Health Benefits of Barnyard Millet
The United Nations General Assembly declared the year 2023 as the International Year of Millets (IYM 2023). The Food and Agriculture Organization (FAO) is leading the way in celebrating this year in collaboration with colleagues all over India. IYM 2023 will be an opportunity to create awareness of the contribution of millet to Food Security, nutrition, and their enhanced investment in research and development. This year will help improve sustainable production, and quality of millets and provide extension services to achieve the other two aims. We can’t ignore the amazing health benefits of Barnyard Millet.
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IYM 2023 according to the prime minister of India, should be a ‘People’s Movement’ alongside positioning India as the ‘Global Hub for Millets’.
What is Barnyard Millet?
Barnyard Millet (Echinochloa frumentacea) is one of the hardiest known millet, which is known by different names in different regions viz., Japanese millet, German millet, sanwa, jhangora, sawank, sawan, ooda, and oadalu. It is an ancient millet crop grown in warm and temperate regions of the world. This millet is widely cultivated in Asia, particularly India, China, Korea, and Japan.
Barnyard millets can be unpolished or polished in which the former is off-white in colour and later, white in colour. Unpolished millets are most frequently used. Characteristics of barnyard millets are:
- Low glycemic index
- Rich in fibres
- Low in calories
- Can grow in drought-like conditions
- Needs only 200-300 litres of water to produce 1kg millet
- Can be harvested in 90 days
- Looks similar to little millet
- It is flatter as compared to the other 4 siridhanya millets which are rounder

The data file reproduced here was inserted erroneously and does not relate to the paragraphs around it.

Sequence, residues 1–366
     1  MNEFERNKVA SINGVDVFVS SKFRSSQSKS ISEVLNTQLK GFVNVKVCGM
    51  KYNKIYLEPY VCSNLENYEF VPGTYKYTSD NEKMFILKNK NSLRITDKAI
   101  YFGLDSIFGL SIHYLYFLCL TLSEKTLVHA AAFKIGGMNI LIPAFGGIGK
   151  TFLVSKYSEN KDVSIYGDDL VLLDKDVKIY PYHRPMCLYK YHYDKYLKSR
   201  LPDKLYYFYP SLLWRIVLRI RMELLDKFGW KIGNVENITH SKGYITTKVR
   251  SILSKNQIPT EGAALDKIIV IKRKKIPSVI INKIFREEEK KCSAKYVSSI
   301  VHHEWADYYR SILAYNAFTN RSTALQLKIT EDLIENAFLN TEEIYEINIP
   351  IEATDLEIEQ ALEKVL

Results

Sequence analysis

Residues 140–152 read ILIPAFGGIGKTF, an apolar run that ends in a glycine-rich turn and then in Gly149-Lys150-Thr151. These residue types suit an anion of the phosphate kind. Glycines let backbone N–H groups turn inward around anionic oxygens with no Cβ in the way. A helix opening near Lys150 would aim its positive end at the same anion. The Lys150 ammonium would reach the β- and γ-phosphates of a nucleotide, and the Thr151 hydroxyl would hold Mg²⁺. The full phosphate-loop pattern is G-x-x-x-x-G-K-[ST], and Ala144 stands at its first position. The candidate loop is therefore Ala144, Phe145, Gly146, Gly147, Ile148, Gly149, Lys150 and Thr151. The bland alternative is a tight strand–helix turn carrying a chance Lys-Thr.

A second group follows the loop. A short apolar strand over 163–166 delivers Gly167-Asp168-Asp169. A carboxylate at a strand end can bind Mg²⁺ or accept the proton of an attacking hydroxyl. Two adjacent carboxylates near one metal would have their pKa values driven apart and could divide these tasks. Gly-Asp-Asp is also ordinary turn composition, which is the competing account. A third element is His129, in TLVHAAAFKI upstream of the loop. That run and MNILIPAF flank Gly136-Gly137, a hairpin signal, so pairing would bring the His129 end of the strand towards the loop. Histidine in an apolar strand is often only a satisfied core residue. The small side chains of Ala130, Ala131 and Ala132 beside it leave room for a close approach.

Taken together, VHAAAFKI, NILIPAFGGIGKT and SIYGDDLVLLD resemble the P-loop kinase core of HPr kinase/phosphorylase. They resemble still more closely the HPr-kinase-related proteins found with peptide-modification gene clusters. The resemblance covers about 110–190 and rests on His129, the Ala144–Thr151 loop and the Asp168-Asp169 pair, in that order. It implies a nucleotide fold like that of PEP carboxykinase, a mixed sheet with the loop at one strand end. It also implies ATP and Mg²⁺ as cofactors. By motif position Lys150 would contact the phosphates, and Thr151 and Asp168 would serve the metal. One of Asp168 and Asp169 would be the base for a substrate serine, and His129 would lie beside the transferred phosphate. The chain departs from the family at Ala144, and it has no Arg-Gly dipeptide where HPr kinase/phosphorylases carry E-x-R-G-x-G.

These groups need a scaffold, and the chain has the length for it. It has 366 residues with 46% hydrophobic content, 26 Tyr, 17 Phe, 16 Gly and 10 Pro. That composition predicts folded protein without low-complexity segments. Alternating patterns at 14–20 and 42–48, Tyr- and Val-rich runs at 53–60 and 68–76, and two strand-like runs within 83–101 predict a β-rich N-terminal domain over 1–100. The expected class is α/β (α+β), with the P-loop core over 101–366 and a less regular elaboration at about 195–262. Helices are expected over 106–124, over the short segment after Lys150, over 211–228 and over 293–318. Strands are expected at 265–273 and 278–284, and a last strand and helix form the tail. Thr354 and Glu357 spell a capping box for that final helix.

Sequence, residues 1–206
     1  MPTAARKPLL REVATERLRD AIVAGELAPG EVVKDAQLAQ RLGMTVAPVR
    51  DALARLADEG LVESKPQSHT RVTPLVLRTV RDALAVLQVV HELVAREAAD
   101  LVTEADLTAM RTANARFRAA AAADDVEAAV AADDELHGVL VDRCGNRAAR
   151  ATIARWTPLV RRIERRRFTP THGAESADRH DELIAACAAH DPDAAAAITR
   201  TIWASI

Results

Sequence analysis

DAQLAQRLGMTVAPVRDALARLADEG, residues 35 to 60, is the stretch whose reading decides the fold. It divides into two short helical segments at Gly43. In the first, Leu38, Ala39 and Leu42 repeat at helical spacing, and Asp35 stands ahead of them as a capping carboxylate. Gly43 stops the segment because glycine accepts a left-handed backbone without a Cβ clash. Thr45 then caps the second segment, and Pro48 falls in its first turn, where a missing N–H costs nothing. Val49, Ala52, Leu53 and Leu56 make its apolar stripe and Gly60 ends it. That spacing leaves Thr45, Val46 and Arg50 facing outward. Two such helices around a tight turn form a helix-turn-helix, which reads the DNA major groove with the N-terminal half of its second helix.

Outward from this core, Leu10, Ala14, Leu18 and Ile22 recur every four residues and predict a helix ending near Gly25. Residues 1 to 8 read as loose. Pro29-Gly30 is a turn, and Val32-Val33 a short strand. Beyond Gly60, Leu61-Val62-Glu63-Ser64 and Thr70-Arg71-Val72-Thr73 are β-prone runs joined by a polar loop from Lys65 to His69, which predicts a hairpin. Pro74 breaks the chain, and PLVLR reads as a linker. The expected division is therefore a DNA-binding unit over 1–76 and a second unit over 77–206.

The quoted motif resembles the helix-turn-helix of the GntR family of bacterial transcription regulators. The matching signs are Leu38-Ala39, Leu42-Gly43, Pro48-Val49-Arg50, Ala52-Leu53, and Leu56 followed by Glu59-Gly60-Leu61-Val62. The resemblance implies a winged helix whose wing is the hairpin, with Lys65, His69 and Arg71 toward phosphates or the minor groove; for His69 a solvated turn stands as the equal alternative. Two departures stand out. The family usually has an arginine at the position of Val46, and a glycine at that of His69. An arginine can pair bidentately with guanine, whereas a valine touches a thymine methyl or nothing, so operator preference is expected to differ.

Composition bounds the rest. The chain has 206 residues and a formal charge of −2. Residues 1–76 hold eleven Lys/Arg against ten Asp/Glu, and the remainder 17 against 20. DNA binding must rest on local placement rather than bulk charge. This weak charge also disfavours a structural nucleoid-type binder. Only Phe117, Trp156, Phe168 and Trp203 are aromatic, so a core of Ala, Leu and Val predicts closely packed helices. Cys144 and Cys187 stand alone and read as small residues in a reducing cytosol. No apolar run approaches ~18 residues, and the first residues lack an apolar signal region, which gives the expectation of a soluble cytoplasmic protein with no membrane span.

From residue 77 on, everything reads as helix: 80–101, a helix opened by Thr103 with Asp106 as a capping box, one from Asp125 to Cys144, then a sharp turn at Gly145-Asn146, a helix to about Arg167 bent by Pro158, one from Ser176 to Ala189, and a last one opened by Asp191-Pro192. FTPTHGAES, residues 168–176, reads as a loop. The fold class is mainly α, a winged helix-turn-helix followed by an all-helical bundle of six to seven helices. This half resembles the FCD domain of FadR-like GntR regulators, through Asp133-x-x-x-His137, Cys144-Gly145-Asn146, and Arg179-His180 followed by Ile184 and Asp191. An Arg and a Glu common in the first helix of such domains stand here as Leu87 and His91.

In addition to these agronomic advantages, grains are valued for their high nutritional value and low expense when compared to other grains. It is a rich source of protein, carbohydrates, fibres, and most notably, micronutrients like iron(Fe) and zinc(Zn). This is the reason why barnyard millets are related to numerous health benefits.
Global Production of Millets
As this year has been celebrated as the International Year of Millets 2023, let’s discuss its global production. India, Nigeria, and China are the largest producers of millet in the world, contributing to more than 55% of global production. It is grown in about 131 countries and serves as the traditional food for around 60 crore people in Asia & Africa.
India is the largest producer of millet in the world contributing to about 20% of global production and 80% of Asia’s production. Uttar Pradesh, Gujarat, Rajasthan, Maharashtra, Haryana, Madhya Pradesh, Tamil Nadu, Telangana, Karnataka, and Andhra Pradesh are some of the states which contribute to almost 100% of millets production in India. Out of which, Uttar Pradesh, Rajasthan, and Haryana account for more than 81% share in total millet products. Rajasthan contributes half of the total production of India’s millet production.
When talked about nutritional value, barnyard millet is nutritionally superior when compared to many major and minor millet. These are less expensive and have grown to end ‘hidden hunger’. Barnyard millets are a rich source of protein, dietary fibre, vitamins, minerals like iron content, calcium, zinc, magnesium, and some essential amino acids. Millets can grow on dreary lands with the slightest inputs and are resilient to climatic changes. They are therefore the perfect solution for countries to increase self-sufficiency and reduce dependency on imported cereal grains. They act as a defence against nutritional deficiencies.